[00:03:07] Jennifer Patchett, M.D.: Yeah, the visualization with the robot is so much better even than standard laparoscopy. It actually has two cameras, so each eye has its own camera, so it gives the surgeon 3D vision, which is just incredible. And the magnification is so significant. It's really easy to distinguish between different tissue types and to take down scar tissue, and to really find the correct plane and make sure you're not damaging anything. There's also a really cool feature of the robot that I use a lot called Firefly. It's essentially like night vision, and so one of the things I do before the case is I inject a dye into the ureters. The ureters are the tube that connect the kidneys to the bladder and it runs right by where we're operating to do a hysterectomy. I can flip on Firefly and they glow green and I can tell exactly where they are and make sure that I stay well away from them, because that's one of the biggest risks with hysterectomy is damage to bladder or ureters. The fact is with the robot, I can see them exactly where they are and there's no mystery.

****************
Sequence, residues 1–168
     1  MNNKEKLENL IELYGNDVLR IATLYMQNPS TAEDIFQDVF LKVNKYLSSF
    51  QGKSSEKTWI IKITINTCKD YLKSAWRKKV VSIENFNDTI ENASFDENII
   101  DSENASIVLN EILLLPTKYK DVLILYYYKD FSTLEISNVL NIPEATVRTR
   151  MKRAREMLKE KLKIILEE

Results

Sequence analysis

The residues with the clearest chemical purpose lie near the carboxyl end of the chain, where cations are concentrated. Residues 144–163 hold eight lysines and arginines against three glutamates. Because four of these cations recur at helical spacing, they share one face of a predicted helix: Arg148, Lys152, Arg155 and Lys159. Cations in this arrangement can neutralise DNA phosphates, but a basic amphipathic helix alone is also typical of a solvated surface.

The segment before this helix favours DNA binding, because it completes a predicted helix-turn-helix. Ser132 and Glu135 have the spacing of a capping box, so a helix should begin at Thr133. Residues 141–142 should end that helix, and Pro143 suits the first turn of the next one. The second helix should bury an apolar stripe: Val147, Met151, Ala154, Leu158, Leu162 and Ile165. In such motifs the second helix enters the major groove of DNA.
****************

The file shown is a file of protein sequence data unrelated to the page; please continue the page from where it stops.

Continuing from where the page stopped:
[00:04:12] Erin Spain, MS: How is this different than when you first started doing hysterectomies? Take me back to earlier on in your training. Were you doing open surgery?

[00:04:20] Jennifer Patchett, M.D.: Oh, definitely. We would do some vaginal hysterectomies, some laparoscopic hysterectomies if they were pretty small uteruses, anything that was any kind of a decent size. If it had big fibroids on it, they got an open procedure.

[00:04:33] Erin Spain, MS: And what was that like for you as a surgeon and for the patient, the recovery, the experience?